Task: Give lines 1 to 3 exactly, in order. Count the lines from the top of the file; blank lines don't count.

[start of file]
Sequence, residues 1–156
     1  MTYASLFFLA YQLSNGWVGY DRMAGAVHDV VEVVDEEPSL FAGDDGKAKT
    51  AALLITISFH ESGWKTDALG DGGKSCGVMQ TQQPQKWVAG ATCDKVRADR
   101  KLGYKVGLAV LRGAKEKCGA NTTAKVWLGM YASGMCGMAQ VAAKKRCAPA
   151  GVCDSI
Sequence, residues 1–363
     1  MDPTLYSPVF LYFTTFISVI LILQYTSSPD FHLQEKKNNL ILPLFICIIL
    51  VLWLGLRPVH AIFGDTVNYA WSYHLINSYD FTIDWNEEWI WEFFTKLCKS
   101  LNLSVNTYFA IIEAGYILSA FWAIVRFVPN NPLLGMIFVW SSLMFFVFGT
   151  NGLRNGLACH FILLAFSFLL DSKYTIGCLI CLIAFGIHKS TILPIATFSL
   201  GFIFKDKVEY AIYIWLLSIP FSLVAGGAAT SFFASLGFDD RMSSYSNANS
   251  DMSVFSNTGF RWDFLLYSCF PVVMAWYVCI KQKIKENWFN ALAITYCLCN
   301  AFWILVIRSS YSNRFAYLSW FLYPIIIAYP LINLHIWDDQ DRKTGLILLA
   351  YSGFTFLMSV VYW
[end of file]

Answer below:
Sequence, residues 1–156
     1  MTYASLFFLA YQLSNGWVGY DRMAGAVHDV VEVVDEEPSL FAGDDGKAKT
    51  AALLITISFH ESGWKTDALG DGGKSCGVMQ TQQPQKWVAG ATCDKVRADR